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This is coming from someone who has only briefly read the books a while ago and mostly remembers the film.

Elves are immortal. But they are depicted at different stages of aging. Do they just age up to a certain point and then stop? Or is the aging process just ridiculously slow?

Do they have a childhood? If so, do Elves reproduce similar to mortal men?

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2 Answers 2

up vote 32 down vote accepted

The following comes from "What Tolkien Officially Said About Elf Sex" article, which in turn very heavily quotes from "Laws and Customs of the Eldar," published in the book Morgoth's Ring, History of Middle-Earth. (aka LACE)

"Marriage is chiefly of the body, for it is achieved by bodily union, and its first operation is the begetting of the bodies of children, even though it endures beyond this and has other operations. And the union of bodies in marriage is unique, and no other union resembles it."

So yes, Elves reproduce similar to Men (also, Aragorn had a child with Arwen, so the reproduction is biologically compatible)

Furthermore, as far as aging/childhood (again sourced from the same)

The Facts of Elf Life

...Some more elvish facts of life, all sourced from LACE. Regarding elvish pregnancy, "A year passed between the begetting and the birth of an elf-child, so that the days of both are the same, or nearly so."

Elvish childhood and adolescence lasted until the age of approximately 50 years. Elves tended to marry soon after coming of age, with a one-year engagement being standard. Elves did not say they "had a baby," they said "a baby is given to us." The most kids an elf couple ever had were seven, the sons of Fëanor and Nerdanel. Tolkien said absolutely nothing about elf puberty.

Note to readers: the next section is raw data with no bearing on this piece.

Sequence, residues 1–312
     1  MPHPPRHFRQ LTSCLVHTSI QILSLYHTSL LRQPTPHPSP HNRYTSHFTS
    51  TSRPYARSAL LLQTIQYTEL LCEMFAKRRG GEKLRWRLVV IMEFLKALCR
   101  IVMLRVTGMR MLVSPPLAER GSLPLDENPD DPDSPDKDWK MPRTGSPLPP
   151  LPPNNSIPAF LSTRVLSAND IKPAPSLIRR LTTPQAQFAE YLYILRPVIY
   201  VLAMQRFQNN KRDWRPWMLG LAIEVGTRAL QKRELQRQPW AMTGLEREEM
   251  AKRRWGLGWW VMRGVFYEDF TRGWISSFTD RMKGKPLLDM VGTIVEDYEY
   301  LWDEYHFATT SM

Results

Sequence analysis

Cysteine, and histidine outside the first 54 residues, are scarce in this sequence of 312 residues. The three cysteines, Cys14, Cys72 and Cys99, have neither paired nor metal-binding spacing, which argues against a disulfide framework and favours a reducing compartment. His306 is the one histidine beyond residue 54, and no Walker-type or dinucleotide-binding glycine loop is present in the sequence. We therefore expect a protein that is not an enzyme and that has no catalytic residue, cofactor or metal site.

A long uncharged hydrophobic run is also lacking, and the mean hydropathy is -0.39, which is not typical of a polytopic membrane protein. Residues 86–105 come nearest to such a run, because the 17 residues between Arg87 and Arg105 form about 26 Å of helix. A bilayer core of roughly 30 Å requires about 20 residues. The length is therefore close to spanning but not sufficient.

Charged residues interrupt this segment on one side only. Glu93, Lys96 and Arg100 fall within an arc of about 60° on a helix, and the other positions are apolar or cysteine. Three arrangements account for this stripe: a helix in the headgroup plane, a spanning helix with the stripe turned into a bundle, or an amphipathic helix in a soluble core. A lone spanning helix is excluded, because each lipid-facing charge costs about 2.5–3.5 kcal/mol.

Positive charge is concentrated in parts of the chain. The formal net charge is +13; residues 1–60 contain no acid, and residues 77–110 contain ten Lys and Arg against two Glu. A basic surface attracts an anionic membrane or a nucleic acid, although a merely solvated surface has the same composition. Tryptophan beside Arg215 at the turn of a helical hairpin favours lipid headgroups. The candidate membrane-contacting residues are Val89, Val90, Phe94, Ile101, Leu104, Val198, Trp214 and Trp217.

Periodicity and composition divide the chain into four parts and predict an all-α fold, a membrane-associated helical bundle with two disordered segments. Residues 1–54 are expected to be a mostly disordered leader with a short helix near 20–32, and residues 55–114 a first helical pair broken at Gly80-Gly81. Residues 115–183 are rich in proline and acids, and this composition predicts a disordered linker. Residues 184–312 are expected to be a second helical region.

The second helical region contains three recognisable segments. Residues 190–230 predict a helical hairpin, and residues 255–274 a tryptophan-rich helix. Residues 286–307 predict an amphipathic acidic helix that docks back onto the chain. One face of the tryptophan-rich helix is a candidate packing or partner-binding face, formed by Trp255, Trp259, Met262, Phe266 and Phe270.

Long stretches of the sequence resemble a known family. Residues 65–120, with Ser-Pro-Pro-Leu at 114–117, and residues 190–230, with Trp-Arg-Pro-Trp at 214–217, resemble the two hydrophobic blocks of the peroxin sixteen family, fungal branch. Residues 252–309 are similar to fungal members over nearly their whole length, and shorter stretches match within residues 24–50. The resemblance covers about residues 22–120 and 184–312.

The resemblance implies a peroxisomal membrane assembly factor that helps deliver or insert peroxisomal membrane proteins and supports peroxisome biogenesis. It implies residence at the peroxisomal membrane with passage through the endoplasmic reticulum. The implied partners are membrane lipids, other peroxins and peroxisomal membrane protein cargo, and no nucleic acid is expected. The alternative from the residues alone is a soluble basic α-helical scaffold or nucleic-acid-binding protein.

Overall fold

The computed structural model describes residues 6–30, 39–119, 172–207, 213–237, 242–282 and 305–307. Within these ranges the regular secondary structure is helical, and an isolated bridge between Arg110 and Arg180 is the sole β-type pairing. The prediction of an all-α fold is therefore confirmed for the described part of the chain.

As far as aging physically, http://tolkiengateway.net/wiki/Elven_Life_cycle#Later_life has this (not quite sure of original sources for those statements, but the article as a whole references "From The Shibboleth of Fëanor" abd "Unfinished Tales, "The History of Galadriel and Celeborn", "Amroth and Nimrodel", p. 320")

Apparently, beards were the only sign of further natural physical aging beyond maturity.

Elves did not age over their 100th year but they aged in a different sense than Men: they became ever more weary of the world and burdened by its sorrows, sometimes appeared to age under great stress.

Círdan seemed to be aged himself, since he is described as looking old, save for the stars in his eyes; this may be due to all the sorrows he had seen and lived through since the First Age. Also, the people of Nargothrond had trouble recognizing Gwindor after his time as a prisoner of Morgoth.

And, for a somewhat less canonical source:

enter image description here (src: Irregular Webcomic No. 123 2003-05-28)

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There are some good answers elsewhere, but the weariness is the most important factor of elves aging, IMO. @DVK covers the majority of the material, and touches on this weariness. The elves grow old slowly, but after a time - 100 years - they just age mentally and emotionally. I think that is a very clever concept by JRRT, because they can then be immortal, but still have a desire to leave the land of the living.

Compare this with Aragorn, who "gave up" his life, when he was ready to, something that was a feature of the race earlier, but tended to get lost. There is a sense that men too got weary of the world, and gave up their lives. Personally, I think he had a very mature and sensible attitude to death.

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A 100 years seem to be a bit short for elves, considering them not being adults until 50. –  sbi Feb 27 '12 at 16:13
I was only refering to @DVKs answer. Yes it does seem short, but they may simply stop aging at that point, and have a century or so of maturity before the weariness starts to affect them. But sometime after that point, they do age. –  Schroedingers Cat Feb 27 '12 at 16:58

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